One of the places where socioeconomic mixing is highest

Despite deep concerns that America is increasingly divided along racial, ethnic and economic lines, there are some neighborhoods that have a diverse array of residents from different racial and ethnic groups and different economic strata. We know that segregation is devastating for the life prospects of kids growing up in segregated low income neighborhoods, and that socioeconomic mixing has been shown to reduce intergenerational poverty.

As we explained in our recent report-–America’s Most Diverse, Mixed Income Neighborhoods–-nearly seven million Americans live in one of the neighborhoods we’ve identified as America’s most racially and ethnically diverse and mixed income. While we’ve got copious amounts of data, and maps showing where these neighborhoods are located, what does a diverse, mixed income neighborhood look like at ground level?

To answer that question, we’ve profiled a handful of the 1,300 neighborhoods nationally that scored highest on our two measures of integration: the racial and ethnic diversity index and the income diversity index. The neighborhoods selected score in the top 20 percent of all urban neighborhoods in the US on each of these measures.

One of these highly diverse, mixed income neighborhoods is Corktown, in Detroit.

A Corktown Landmark: Michigan Central Station (2010) Flickr User Thomas Hawk.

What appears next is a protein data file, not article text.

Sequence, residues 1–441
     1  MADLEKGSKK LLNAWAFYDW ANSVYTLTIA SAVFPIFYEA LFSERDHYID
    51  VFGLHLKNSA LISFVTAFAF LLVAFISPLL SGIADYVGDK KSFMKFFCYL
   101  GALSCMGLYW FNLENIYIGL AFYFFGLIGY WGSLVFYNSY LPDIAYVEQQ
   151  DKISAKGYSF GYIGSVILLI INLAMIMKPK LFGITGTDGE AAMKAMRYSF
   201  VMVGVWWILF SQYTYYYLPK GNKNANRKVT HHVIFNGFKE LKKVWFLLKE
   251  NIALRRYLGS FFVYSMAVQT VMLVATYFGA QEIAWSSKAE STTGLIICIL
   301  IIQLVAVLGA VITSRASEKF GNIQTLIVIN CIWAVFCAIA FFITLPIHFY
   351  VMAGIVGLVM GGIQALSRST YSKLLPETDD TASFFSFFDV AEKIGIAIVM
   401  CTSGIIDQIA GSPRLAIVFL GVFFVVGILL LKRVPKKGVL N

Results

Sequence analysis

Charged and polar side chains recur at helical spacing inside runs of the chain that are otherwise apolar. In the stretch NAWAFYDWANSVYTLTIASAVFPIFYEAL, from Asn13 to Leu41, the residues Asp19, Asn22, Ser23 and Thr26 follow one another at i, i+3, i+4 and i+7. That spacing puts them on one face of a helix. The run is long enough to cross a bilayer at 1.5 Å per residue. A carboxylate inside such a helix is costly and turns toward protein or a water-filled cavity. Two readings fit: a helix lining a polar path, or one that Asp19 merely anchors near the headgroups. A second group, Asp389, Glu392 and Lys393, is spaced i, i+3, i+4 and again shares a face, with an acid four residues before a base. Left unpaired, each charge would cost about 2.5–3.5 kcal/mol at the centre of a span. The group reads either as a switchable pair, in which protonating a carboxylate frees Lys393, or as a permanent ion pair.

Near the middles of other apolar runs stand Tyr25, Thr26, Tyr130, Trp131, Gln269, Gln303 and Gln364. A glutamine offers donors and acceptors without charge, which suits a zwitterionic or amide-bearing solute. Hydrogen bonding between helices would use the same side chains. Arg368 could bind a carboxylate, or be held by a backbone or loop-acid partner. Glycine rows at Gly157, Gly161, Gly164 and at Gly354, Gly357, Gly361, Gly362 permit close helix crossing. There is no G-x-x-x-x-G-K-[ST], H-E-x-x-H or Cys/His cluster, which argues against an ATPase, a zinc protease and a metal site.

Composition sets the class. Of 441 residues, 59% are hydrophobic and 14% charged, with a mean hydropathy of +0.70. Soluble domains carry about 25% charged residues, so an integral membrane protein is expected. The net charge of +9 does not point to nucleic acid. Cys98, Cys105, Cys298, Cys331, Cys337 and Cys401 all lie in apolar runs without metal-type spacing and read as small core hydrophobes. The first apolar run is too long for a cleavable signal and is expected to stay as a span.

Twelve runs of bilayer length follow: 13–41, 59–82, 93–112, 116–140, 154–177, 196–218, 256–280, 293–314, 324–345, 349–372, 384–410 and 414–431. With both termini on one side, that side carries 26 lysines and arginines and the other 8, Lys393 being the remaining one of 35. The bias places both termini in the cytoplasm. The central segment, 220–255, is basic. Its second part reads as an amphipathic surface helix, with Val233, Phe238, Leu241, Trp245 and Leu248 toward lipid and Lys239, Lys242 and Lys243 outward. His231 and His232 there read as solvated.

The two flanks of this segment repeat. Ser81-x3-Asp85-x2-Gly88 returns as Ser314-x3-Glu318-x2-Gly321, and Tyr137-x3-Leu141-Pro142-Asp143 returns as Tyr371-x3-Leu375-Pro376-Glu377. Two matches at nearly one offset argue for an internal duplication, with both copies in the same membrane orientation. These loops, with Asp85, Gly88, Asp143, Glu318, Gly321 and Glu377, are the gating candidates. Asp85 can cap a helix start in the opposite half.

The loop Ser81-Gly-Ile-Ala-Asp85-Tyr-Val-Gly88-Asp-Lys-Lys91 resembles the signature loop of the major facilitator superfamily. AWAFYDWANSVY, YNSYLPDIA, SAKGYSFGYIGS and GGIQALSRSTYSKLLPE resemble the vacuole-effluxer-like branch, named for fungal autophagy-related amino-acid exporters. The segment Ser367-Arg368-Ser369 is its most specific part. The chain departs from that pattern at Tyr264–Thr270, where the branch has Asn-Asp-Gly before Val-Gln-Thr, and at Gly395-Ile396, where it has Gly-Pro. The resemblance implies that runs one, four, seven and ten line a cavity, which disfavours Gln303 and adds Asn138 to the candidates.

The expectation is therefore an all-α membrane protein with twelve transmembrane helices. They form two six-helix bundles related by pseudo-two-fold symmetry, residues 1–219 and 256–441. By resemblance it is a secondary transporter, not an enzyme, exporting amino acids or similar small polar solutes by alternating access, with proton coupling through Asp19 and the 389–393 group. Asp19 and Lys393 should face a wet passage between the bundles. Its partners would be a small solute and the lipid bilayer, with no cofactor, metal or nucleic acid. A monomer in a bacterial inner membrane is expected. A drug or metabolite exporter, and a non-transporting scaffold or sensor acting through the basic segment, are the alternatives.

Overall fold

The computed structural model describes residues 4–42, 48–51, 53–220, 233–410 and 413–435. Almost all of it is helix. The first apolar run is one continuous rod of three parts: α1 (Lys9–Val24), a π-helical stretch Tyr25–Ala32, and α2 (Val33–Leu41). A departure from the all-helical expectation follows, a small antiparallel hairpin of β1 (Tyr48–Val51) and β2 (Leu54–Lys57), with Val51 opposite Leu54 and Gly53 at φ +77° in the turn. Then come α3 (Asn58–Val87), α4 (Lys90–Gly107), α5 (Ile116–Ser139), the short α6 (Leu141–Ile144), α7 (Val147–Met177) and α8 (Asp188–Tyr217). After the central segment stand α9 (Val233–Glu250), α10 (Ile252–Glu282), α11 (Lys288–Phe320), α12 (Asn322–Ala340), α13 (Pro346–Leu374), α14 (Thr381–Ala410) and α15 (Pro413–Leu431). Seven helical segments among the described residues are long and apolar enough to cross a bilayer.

Corktown is one of Detroit’s oldest neighborhoods. It’s located just southwest of the city’s downtown, and draws its name from the Irish immigrants who populated the area in the late 19th and early 20th centuries. The neighborhood was home to some of the city’s most famous landmarks, the old Tiger stadium (since demolished) and the now vacant Michigan Central Station (pictured above).

Corktown’s census tract (5214) is one of the most diverse, mixed-income tracts in the US, ranking in the top 10 percent of all tracts nationally in measured racial/ethnic diversity and top 5 percent in income diversity. The neighborhood is 38 percent white, 33 percent black, and 26 percent Latino, with the remainder Asian, mixed race or other. Nearly equal segments of its population are in each of the five income categories we examined.

At first glance, it may seem odd to characterize Corktown as a diverse neighborhood. By comparison to the rest of the City of Detroit, the area has a large share of white residents, and it’s become something of a habit for people to use the term “diverse” as a synonym for people of color. Our analysis uses “diversity” in its literal and statistical sense:  is there a mix of people from different races and ethnicities. And clearly Corktown is much more racially and ethnically diverse than the typical Detroit neighborhood.
Here’s a scatter-diagram that shows the racial and ethnic diversity index for all of the neighborhoods (census tracts) in metropolitan Detroit.  Higher values of the racial/ethnic diversity index correspond to greater diversity. In this diagram, each dot represents a single neighborhood.  The light and dark shaded rectangles correspond to the two middle quartiles of the racial and ethnic diversity distribution: half of all neighborhoods fall into this range, and the midpoint between the two rectangles shows the median value for the metropolitan area. On this chart, the highlighted orange dot shows the racial and ethnic diversity of Corktown compared to all of the other neighborhoods in the Detroit metropolitan area.